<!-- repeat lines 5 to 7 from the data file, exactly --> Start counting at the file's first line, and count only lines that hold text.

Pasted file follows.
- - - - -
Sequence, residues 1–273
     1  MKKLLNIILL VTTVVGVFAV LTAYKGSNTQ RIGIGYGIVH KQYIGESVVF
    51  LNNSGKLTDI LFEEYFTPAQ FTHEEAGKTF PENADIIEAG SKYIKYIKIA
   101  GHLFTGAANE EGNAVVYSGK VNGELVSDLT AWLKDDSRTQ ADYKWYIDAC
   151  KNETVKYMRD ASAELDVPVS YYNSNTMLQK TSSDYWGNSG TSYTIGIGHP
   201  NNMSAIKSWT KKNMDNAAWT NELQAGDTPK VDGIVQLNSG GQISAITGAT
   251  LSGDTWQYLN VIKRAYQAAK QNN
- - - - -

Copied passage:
   151  KNETVKYMRD ASAELDVPVS YYNSNTMLQK TSSDYWGNSG TSYTIGIGHP
   201  NNMSAIKSWT KKNMDNAAWT NELQAGDTPK VDGIVQLNSG GQISAITGAT
   251  LSGDTWQYLN VIKRAYQAAK QNN